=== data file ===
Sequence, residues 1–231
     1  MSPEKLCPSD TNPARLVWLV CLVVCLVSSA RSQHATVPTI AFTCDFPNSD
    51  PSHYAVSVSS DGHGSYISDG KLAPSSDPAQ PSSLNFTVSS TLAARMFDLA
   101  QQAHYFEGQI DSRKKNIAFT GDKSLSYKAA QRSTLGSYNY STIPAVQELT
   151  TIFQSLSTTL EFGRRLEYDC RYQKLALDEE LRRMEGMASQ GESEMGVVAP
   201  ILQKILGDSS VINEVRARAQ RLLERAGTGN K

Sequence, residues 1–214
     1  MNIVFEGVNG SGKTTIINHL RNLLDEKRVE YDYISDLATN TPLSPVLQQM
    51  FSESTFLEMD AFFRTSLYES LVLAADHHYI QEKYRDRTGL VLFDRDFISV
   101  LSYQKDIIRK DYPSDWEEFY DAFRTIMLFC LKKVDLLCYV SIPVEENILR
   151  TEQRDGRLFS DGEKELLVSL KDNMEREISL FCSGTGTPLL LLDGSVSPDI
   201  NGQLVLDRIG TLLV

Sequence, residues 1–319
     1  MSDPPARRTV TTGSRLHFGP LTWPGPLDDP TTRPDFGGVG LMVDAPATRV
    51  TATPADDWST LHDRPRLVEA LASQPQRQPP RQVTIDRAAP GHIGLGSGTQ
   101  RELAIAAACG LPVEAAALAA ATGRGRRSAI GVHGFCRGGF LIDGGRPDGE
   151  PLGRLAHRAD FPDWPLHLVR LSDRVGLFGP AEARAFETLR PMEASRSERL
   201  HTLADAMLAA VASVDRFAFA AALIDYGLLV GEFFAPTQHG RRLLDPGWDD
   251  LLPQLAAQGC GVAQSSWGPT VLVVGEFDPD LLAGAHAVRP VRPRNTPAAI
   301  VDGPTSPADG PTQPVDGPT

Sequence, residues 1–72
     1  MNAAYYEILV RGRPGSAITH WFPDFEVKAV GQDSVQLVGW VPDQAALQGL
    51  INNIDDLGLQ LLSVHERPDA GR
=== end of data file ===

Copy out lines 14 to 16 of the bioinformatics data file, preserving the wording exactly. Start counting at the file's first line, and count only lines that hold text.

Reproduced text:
     1  MSDPPARRTV TTGSRLHFGP LTWPGPLDDP TTRPDFGGVG LMVDAPATRV
    51  TATPADDWST LHDRPRLVEA LASQPQRQPP RQVTIDRAAP GHIGLGSGTQ
   101  RELAIAAACG LPVEAAALAA ATGRGRRSAI GVHGFCRGGF LIDGGRPDGE